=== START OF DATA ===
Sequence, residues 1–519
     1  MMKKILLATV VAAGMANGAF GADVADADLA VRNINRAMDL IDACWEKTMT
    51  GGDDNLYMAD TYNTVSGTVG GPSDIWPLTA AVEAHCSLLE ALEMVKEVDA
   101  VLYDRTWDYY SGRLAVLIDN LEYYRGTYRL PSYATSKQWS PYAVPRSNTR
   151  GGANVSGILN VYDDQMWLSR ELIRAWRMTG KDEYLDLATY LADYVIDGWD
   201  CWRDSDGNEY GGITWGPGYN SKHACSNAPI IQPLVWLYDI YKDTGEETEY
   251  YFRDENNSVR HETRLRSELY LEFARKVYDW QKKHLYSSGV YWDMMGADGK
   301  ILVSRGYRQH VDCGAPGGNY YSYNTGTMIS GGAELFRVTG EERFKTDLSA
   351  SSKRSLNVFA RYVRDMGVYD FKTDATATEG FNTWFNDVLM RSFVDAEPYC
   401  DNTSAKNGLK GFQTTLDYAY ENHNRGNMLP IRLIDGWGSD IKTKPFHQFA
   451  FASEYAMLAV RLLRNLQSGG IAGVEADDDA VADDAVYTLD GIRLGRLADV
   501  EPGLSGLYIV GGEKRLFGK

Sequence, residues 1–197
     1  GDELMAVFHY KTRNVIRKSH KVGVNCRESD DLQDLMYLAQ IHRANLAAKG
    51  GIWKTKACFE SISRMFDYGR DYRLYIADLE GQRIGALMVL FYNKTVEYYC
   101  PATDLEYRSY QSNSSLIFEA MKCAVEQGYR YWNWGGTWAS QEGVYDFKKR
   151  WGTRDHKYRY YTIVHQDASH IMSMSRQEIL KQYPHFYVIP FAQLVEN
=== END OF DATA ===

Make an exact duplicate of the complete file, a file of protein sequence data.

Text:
Sequence, residues 1–519
     1  MMKKILLATV VAAGMANGAF GADVADADLA VRNINRAMDL IDACWEKTMT
    51  GGDDNLYMAD TYNTVSGTVG GPSDIWPLTA AVEAHCSLLE ALEMVKEVDA
   101  VLYDRTWDYY SGRLAVLIDN LEYYRGTYRL PSYATSKQWS PYAVPRSNTR
   151  GGANVSGILN VYDDQMWLSR ELIRAWRMTG KDEYLDLATY LADYVIDGWD
   201  CWRDSDGNEY GGITWGPGYN SKHACSNAPI IQPLVWLYDI YKDTGEETEY
   251  YFRDENNSVR HETRLRSELY LEFARKVYDW QKKHLYSSGV YWDMMGADGK
   301  ILVSRGYRQH VDCGAPGGNY YSYNTGTMIS GGAELFRVTG EERFKTDLSA
   351  SSKRSLNVFA RYVRDMGVYD FKTDATATEG FNTWFNDVLM RSFVDAEPYC
   401  DNTSAKNGLK GFQTTLDYAY ENHNRGNMLP IRLIDGWGSD IKTKPFHQFA
   451  FASEYAMLAV RLLRNLQSGG IAGVEADDDA VADDAVYTLD GIRLGRLADV
   501  EPGLSGLYIV GGEKRLFGK

Sequence, residues 1–197
     1  GDELMAVFHY KTRNVIRKSH KVGVNCRESD DLQDLMYLAQ IHRANLAAKG
    51  GIWKTKACFE SISRMFDYGR DYRLYIADLE GQRIGALMVL FYNKTVEYYC
   101  PATDLEYRSY QSNSSLIFEA MKCAVEQGYR YWNWGGTWAS QEGVYDFKKR
   151  WGTRDHKYRY YTIVHQDASH IMSMSRQEIL KQYPHFYVIP FAQLVEN